my kingdom for a needle and white thread

Inscentinel: using bees to sniff out bombs.


I was pulled into a conversation recently regarding first impressions, social interaction and all manner of related sundry, and it came out that I was being asked for basic rules of conduct. Oddly, I had some. Here’s what spilled:

Don’t lie. Don’t cheat. Don’t steal. Never agree to be in a relationship kept secret. Never stay for love alone or if the other is in it purely for sport. It might not feel like it, but there are six billion people on this planet and you are compatible with a fair chunk of them, so don’t lose hope if it doesn’t work out. Fib if you must, on the level of secret surprise birthday parties or spending the morning in bed with your lover but telling your boss you’re sick, but nothing more important should ever be anything but truth. In games, in relationships, any time you are responsible for someone else, you had better damned well be responsible for them, and make sure you take care of them as well or better as you care for yourself. Campground rules, ever and always, making sure everyone is better when you leave them then when you found them, always and ever, amen.

There was some other blather, (if you’re showing yourself as other than you are to make a good first impression, then don’t expect people to stick around later when you reveal yourself to be other than you presented, not to worry so much about comparing yourself to other people, because that’s precisely what those other people are doing too), all basics, but new to my friend, which got me thinking again about what other people take for granted that I don’t know yet.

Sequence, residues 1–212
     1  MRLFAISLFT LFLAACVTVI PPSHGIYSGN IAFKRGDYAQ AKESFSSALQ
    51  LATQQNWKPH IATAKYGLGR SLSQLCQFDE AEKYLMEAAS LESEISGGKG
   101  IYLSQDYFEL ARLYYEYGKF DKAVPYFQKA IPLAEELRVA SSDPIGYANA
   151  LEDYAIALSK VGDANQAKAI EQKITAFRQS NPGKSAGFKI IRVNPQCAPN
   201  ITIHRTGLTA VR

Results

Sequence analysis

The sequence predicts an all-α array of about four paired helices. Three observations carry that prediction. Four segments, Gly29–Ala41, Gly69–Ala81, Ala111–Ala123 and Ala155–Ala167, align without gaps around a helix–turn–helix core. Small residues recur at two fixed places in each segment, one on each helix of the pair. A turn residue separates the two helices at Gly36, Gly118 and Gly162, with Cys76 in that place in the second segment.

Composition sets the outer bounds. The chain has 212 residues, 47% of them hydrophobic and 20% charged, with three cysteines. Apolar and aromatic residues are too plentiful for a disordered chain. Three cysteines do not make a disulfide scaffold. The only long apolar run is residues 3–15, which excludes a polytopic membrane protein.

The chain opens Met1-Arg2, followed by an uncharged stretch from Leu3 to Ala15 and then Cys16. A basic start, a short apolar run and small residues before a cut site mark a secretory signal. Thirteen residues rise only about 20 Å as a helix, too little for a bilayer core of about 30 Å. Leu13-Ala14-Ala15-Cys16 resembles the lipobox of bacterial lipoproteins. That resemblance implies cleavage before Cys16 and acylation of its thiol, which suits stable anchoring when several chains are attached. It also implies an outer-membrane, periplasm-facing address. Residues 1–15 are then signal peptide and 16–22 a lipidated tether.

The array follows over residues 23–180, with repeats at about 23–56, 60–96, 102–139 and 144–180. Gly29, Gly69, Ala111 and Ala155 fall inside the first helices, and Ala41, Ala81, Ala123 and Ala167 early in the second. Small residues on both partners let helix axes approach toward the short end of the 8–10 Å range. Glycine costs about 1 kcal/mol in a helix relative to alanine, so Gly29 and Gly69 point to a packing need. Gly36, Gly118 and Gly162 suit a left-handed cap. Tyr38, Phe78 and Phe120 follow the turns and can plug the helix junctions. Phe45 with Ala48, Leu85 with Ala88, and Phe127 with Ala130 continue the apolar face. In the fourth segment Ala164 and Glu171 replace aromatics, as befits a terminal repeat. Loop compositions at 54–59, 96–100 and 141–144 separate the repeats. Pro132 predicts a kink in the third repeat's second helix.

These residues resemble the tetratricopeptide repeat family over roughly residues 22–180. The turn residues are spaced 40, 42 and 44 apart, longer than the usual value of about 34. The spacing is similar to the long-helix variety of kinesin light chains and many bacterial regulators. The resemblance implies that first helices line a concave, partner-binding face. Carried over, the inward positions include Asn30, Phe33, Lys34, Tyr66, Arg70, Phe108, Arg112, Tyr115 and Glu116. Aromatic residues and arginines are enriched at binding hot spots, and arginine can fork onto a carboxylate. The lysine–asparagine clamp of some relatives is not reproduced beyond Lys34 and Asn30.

It was years before I discovered the best way to brush my hair is in the shower with conditioner, but as soon as I had the revelation, and explained it, it seemed it was an accidental secret, everyone else just assumed I knew.

So, in the interest of education, amusement, and conversation, what’re yours?

Warning: Contains kinderwhores.

A nine year old girl in Peru won a television station contest where she got to star in a remake of her favourite music video. Unsurprisingly, she chose a Britney Spears video, Toxic.

9 year old Toxic

As a refresher, the original video.
Behind the Scenes video, (spanish). Backstage video.
Photos of her at her kinderwhore television job.

Once you get past the initial shock, as polarizing as stumbling upon a beauty pageants for kids, I think it’s a powerful statement, however unintentional on her part or that of her parents or the people who helped put it together. (Consider how many people must have been involved. Location, make-up, the teeny tiny wardrobe, cameras, post, etc. It’s more than just a few.) A significant number of comments criticize the video and her parents shouting child abuse, exploitation, and paedophilia, but very few have asked why this video appealed to her in the first place, why it’s normal now for children to be worshiping hyper sexualized pop tarts, a much deeper, dirtier manipulation, shameful yet largely ignored. The questions that should be asked are nastier, “since when did we start marketing Sex Sells to those under twelve? Why are teenagers our sex symbols and prostitots now just a matter of course?” Bratz dolls, the Spice Girls.. Remember when little girls in stripper-wear lip syncing to songs about sex was still weird?

William Strawn put it most concisely, over on my Facebook where I posted it last night, “Is this really sick? Or a reflection of all the little girls who imagine themselves in Britney’s position? Or even just an idea that we have a very vague line in our society where it starts being okay to exploit women, putting them in highly sexuallized roles. Britney was 17 when she started, look how well that all turned out for her.”